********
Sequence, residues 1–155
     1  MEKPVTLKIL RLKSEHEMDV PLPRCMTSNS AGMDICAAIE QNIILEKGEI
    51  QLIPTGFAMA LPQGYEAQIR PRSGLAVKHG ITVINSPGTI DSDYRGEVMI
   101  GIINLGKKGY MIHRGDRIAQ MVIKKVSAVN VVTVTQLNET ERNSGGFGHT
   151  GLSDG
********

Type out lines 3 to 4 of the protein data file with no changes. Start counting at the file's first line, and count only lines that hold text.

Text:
    51  QLIPTGFAMA LPQGYEAQIR PRSGLAVKHG ITVINSPGTI DSDYRGEVMI
   101  GIINLGKKGY MIHRGDRIAQ MVIKKVSAVN VVTVTQLNET ERNSGGFGHT